Weeks before a Boynton Beach police sergeant is set to be sentenced for lying to the FBI about a controversial police chase, a juror from his case wrote a letter saying jurors bullied others into convicting the cop. Philip Antico, 37, may face federal prison time when he is sentenced on Feb. 5. “After the trial I just couldn’t clear my conscious (sic),” Devin Andersen Treadway wrote.
When a self-described white supremacist turned up in South Florida and confided that he had murdered several people – including a man known as “Machete Bob” – it wasn’t long before one of his new pals ratted him out. Adrian Apodaca was living in a trailer behind the clubhouse of the Dirty White Boys motorcycle club in Davie when the FBI launched a secret operation to figure out if he was just making up stories or if he was a potential danger to the public.
The cyberstalker told her she could run but she couldn’t hide and that he was going to make her pay for an unspecified slight. And for several months, it seemed like he was right. Strange men showed up at her home, her job and her mom’s house, asking for her by name and saying they were responding to her kinky Craigslist sex ads. The anonymous stalker forwarded her the disturbing ads, which were made to look like she had posted them herself.
Muck Rack makes it simple to find people, tweets, or articles that mention any name, keyword, company, hashtag etc. We've compiled this guide to help you make the most of your search.
Selecting a term
Start searching tweets, articles from media outlets, articles mentioned in tweets, journalists'
names, titles and bios with some suggested searches:
Companies or Topics (e.g. iPhone, Microsoft)
Phrases (e.g. "cloud computing") — use quotes to keep the terms together
Twitter handles (e.g. @username) — returns those who have mentioned or replied to
Names (e.g. "David Pogue")
Hashtags (e.g. #sxsw, #london2012)
Bio details (e.g. vegan, Olympics, father)
Muck Rack's Advanced Search allows for many boolean operators.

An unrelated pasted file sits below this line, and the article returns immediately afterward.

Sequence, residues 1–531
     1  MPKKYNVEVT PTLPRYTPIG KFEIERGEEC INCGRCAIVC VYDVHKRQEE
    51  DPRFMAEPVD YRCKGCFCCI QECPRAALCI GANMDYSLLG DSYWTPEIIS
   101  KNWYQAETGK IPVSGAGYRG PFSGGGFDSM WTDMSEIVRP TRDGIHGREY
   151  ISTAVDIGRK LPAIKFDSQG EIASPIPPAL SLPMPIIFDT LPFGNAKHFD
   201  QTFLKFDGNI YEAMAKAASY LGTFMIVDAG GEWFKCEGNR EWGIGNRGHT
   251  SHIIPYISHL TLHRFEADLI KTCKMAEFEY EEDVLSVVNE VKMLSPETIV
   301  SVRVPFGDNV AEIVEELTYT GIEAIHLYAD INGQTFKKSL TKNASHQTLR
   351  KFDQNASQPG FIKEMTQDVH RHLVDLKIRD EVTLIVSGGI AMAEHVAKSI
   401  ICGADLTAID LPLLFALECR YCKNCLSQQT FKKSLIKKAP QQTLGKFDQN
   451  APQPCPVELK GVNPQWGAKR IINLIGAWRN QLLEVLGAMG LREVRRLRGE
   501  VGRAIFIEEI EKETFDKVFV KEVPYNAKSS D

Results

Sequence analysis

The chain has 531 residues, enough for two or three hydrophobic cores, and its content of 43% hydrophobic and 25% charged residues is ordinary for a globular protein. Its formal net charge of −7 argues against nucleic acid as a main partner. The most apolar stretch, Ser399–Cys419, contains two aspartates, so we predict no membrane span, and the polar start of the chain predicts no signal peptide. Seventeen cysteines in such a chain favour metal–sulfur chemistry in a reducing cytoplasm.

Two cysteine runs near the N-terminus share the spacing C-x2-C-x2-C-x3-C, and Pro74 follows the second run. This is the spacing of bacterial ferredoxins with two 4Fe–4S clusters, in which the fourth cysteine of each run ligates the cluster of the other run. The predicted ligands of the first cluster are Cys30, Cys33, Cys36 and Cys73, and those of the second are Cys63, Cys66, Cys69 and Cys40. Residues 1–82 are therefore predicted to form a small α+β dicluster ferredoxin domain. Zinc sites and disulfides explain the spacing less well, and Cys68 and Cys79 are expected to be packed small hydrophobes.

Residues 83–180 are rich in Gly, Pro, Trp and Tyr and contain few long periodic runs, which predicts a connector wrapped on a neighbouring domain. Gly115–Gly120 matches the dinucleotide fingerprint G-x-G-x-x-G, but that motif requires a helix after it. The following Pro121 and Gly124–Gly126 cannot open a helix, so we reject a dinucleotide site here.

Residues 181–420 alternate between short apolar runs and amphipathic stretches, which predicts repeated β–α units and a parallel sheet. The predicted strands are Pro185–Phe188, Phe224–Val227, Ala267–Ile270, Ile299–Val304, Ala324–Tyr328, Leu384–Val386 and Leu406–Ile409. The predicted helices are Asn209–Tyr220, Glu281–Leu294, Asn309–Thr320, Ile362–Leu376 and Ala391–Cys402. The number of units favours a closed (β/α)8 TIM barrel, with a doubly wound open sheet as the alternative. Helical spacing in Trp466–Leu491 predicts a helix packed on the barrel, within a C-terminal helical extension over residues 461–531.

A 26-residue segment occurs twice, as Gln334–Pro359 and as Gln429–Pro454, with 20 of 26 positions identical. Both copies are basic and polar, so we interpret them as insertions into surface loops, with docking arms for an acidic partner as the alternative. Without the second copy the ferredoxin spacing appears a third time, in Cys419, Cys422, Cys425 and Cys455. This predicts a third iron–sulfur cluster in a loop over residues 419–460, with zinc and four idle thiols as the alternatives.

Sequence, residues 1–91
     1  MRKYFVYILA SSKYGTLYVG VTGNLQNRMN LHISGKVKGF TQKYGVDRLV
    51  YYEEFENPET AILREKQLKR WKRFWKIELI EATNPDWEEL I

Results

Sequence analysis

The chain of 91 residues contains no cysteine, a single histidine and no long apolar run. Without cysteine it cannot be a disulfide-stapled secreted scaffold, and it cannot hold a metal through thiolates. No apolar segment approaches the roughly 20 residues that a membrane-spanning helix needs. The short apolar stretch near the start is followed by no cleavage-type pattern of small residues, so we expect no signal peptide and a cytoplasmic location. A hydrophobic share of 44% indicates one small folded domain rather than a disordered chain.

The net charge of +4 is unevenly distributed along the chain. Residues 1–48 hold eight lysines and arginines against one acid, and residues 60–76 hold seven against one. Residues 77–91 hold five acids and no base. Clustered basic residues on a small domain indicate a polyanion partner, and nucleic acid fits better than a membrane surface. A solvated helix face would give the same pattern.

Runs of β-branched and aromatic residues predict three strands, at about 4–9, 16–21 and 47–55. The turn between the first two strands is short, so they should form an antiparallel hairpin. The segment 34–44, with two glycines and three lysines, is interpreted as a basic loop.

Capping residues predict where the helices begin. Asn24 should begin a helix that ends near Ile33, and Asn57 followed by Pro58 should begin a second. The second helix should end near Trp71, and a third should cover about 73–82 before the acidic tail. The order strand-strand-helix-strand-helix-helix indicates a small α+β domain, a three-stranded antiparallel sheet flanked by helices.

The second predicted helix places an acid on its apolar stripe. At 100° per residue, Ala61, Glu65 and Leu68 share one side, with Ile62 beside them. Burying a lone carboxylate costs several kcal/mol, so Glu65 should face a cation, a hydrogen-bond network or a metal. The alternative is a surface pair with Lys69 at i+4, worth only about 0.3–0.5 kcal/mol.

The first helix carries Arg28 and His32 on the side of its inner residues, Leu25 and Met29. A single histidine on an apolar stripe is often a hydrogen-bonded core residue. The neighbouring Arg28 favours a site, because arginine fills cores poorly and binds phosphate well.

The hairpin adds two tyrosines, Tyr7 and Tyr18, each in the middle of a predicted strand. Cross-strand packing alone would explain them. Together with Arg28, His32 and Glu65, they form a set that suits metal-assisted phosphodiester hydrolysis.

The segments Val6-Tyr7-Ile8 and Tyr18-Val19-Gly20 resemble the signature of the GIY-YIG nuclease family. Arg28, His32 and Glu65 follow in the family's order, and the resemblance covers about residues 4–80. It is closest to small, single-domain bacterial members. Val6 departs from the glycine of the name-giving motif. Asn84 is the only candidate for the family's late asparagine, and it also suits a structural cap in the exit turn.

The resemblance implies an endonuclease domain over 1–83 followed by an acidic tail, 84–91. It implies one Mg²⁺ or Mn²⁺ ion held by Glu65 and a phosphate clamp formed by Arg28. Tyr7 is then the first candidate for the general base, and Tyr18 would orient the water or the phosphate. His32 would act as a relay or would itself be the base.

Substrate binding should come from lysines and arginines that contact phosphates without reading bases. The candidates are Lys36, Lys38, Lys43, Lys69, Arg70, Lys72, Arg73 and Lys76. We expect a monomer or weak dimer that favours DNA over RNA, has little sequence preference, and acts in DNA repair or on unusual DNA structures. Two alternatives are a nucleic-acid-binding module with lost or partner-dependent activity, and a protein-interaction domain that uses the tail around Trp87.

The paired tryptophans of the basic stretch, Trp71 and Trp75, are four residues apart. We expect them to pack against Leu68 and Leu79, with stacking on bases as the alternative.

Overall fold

Find results that mention multiple specified terms, use AND or
+. For example, ensure each result contains both Elon Musk and Mark Zuckerberg by
searching Musk AND Zuckerberg or Musk + Zuckerberg.
Use the operators OR or , to broaden your search when you'd like either of
multiple terms to appear in results. (This is the default behavior of our search when no operators
are used). For example, results will contain either cake or cookie by searching cake OR cookie or cake,cookie
Use NOT or - to subtract results from your search. For
example, searching Disney will yield results about the Walt Disney Company as well as Walt Disney
World Resort. To exclude mentions of Disney World, search for Disney -World or Disney
When using one of these operators with a phrase, enclose it in quotation marks. For example, you can
find results about smartphones excluding Apple's iPhone 4S by searching smartphone -"iPhone
Exact case matching or punctuation
If you're searching for a brand name or keyword that relies on specific punctuation marks or capitalization, you can
find results that match your exact query by adding matchcase: before the keyword you're searching for, like matchcase:E*TRADE .
Use parentheses to separate multiple
boolean phrases. For example, to find journalists talking about having fun in Disney World or
Disneyland, search for ("disney world" OR disneyland) AND fun.
An asterisk can be used to search for any variation of a root word truncated by the asterisk. For example, searching for admin* will return results for administrator, administration, administer, administered, etc.
A near operator is an AND operator where you can control the distance between the words. You can vary the distance the near operation uses by adding a forward slash and number (between 0-99) such as strawberries NEAR/10 "whipped cream", which means the strawberries must exist within 10 words of "whipped cream".